What can Canada’s provinces and territories do to further reduce crime?

Approaches to crime prevention that address the root causes of crime are typically the most successful. A Conference Board of Canada analysis of successful programs in Canada, the United States, and the United Kingdom yielded the following recommendations:9

  • Begin with an understanding of the community and its problems.
  • Develop programs and policies to deal with these problems in their community context, and focus on crime reduction.
  • Learn from and build on successful prevention programs developed elsewhere.
  • Stay focused—prevention programs will not succeed without a great deal of effort.
  • Secure commitment from senior government officials.
  • Provide adequate resources.
  • Ensure cooperation and coordination among organizations targeting crime reduction.
  • Take a comprehensive approach to prevention and develop multi-faceted strategies.

Crime rates among disadvantaged populations, such as those living in certain Aboriginal communities, can be improved only if there is a concerted effort to improve their socio-economic conditions. Tackling long-standing issues such as poverty and substance abuse, as well as improving educational outcomes, is key to reducing crime in these regions.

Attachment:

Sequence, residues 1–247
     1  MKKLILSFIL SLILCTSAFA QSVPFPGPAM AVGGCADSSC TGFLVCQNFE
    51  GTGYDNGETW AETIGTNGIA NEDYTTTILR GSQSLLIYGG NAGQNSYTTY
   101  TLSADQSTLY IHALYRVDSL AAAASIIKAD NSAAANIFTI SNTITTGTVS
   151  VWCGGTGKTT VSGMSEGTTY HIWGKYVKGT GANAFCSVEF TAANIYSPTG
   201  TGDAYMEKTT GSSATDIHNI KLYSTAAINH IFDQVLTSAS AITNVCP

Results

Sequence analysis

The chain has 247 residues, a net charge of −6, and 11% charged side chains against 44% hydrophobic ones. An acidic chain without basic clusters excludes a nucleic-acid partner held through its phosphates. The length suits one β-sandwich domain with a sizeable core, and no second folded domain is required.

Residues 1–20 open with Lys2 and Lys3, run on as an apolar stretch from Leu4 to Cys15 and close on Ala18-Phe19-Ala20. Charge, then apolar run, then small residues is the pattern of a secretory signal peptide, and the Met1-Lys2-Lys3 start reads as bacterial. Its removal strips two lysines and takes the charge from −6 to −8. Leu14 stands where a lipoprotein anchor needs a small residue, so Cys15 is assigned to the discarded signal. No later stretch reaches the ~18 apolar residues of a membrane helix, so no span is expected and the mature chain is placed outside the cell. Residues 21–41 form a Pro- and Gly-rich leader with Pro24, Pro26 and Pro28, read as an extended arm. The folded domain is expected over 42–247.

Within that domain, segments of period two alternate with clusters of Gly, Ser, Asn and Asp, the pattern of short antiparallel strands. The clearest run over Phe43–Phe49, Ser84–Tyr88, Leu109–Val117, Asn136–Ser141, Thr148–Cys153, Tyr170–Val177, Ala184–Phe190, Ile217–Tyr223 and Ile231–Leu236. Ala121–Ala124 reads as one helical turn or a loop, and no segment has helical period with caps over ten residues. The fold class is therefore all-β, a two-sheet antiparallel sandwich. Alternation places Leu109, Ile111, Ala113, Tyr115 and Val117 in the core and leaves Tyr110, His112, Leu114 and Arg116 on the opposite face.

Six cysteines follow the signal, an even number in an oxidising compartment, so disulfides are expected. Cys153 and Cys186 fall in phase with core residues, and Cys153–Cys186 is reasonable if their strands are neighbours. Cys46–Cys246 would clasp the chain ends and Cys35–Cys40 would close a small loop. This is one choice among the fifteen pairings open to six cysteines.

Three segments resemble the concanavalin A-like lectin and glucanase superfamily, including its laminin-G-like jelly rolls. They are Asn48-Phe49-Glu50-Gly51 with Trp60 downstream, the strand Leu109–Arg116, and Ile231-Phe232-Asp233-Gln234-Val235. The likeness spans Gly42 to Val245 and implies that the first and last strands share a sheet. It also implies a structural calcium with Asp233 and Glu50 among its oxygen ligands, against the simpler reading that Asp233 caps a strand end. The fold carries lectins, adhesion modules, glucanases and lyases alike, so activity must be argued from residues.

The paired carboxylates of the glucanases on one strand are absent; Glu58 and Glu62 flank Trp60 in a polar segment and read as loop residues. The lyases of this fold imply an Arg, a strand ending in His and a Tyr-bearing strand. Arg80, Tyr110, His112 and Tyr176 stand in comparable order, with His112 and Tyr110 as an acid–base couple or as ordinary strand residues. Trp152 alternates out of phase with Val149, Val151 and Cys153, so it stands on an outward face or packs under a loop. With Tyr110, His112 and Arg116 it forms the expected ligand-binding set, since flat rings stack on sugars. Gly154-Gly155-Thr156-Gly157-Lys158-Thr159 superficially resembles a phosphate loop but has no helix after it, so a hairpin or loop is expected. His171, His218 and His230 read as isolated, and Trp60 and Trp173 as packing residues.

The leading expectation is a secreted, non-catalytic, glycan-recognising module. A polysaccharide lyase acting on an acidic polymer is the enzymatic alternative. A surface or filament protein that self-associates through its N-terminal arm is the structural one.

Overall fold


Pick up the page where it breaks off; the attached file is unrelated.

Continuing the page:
The Supreme Court of Canada has recognized the socio-economic and historical factors that result in higher crime rates for Aboriginal populations: “To be clear, courts must take judicial notice of such matters as the history of colonialism, displacement, and residential schools and how that history continues to translate into lower educational attainment, lower incomes, higher unemployment, higher rates of substance abuse and suicide, and of course higher levels of incarceration for Aboriginal peoples.” (Justice LeBel for the majority in R. v. Ipeelee, 2012)10

Footnotes

1    Zoe McKnight, “The Real Reason Crime Is Falling So Fast,” Macleans.ca, July 31, 2015.

2    Kazi Stastna, “What’s Behind Canada’s Improving Crime Stats?CBC News, July 26, 2013.

3    Statistics Canada, Canada’s Crime Rate: Two Decades of Decline.

4    Benjamin Mazowita and Mireille Vézina, Police-Reported Cybercrime in Canada, 2012 (Ottawa: Statistics Canada, September 25, 2014).

5    Statistics Canada, Police-Reported Crime in Canada’s Provincial North and Territories, 2013, May 5, 2015.

6    Statistics Canada, National Household Survey, Number and Distribution of the Population Reporting an Aboriginal Identity and Percentage of Aboriginal People in the Population, Canada, Provinces, and Territories, 2011 (accessed May 11, 2016).

7    Office of the Correctional Investigator, Backgrounder: Aboriginal Offenders—A Critical Situation.

8    Ibid.

9    Rick Linden and Trefor Munn-Venn, Making Communities Safer: Lessons Learned Combatting Auto Theft in Winnipeg (Ottawa: The Conference Board of Canada, 2008).

10    Office of the Correctional Investigator, Backgrounder: Aboriginal Offenders—A Critical Situation.